In cardiac physiology, preload is the pressure stretching the ventricle of the heart, [eMedicineDictionary|ventricular+preload] after atrial contraction and subsequent passive filling of the ventricle. If the chamber is not mentioned, it is usually assumed to be the left ventricle.

Preload is theoretically most accurately described as the initial stretching of a single cardiac myocyte prior to contraction. This cannot be measured "in vivo" and therefore other measurements are used as estimates. Estimation is inaccurate, for example in a chronically dilated ventricle new sarcomeres may have formed in the heart muscle allowing the relaxed ventricle to appear enlarged. The term end-diastolic volume is better suited to the clinic, although not exactly equivalent to the laboratory term preload.

Calculation

Quantitatively, preload can be calculated as

:$frac\left\{LVEDP cdot LVEDR\right\}\left\{2h\right\}$

where LVEDP=Left Ventricular end diastolic pressure, LVEDR= Left ventricular end diastolic radius (at the ventricle's midpoint), and h=thickness of the ventricle. This calculation is based on the Law of Laplace.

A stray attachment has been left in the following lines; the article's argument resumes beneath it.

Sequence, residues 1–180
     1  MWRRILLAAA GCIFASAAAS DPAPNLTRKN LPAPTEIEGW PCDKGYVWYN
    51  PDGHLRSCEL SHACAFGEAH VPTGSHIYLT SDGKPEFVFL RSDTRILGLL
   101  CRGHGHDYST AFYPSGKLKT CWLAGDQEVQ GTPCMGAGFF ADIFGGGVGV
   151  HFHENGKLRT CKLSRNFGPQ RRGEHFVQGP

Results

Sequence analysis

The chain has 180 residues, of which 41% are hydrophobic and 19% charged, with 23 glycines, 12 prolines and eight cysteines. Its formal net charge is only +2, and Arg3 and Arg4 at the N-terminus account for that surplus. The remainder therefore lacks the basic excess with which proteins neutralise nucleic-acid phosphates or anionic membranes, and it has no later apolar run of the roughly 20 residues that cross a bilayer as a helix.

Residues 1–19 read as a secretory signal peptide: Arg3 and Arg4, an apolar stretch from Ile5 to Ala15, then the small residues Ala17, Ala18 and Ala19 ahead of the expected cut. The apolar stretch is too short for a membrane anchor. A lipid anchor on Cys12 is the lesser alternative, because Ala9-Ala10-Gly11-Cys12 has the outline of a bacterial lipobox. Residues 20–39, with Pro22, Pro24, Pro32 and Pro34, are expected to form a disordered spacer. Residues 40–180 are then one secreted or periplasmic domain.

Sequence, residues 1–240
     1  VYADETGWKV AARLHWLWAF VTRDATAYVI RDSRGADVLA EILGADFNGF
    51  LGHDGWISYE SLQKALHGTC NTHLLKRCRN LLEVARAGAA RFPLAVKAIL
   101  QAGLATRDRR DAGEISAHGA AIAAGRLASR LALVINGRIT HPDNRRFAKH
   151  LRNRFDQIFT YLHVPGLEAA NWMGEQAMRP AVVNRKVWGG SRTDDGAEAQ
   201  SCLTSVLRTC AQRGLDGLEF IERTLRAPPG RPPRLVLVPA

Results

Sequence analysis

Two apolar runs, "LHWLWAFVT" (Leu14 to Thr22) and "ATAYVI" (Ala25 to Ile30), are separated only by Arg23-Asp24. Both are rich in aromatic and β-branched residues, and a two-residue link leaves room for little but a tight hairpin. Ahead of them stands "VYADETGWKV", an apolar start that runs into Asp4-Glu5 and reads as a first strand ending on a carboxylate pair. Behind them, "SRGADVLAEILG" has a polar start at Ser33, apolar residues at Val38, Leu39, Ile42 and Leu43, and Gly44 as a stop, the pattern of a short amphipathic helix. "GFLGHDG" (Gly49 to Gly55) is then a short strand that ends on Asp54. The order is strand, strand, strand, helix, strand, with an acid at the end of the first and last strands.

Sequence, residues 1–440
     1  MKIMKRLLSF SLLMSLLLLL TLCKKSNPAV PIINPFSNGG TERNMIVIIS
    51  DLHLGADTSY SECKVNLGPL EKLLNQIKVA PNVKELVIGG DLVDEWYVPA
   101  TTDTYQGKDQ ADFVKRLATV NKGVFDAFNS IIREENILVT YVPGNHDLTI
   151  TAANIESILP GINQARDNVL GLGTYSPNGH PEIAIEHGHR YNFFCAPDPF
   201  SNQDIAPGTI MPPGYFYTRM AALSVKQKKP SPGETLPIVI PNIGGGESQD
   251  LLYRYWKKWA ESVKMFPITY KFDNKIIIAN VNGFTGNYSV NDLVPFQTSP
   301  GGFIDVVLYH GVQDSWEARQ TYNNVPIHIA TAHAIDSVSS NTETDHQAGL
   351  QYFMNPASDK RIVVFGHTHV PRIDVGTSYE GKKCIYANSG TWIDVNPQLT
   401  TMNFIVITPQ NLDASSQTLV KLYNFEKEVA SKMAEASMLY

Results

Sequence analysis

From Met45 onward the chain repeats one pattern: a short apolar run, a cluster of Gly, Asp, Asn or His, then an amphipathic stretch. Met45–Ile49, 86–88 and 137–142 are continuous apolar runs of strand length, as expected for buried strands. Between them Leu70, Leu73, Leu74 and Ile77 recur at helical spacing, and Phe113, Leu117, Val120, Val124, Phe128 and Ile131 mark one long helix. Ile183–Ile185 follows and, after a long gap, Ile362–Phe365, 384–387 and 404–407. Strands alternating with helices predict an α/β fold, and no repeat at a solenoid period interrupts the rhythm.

Preload is affected by venous blood pressure and the rate of venous return. These are affected by venous tone and volume of circulating blood.

Preload relates to the ventricular end-diastolic volume: a higher end-diastolic volume implies a higher preload, but the relationship is not simple, because of the restriction of the term preload to single myocytes. Single myocytes are not connected simply, but in an interdigitated manner.

Preload increases with exercise (slightly), increasing blood volume (overtransfusion) and excitement (sympathetics).

* Cardiac output
* Frank-Starling law of the heart

References

* [http://www.cvphysiology.com/Cardiac%20Function/CF007.htm Overview at cvphysiology.com]

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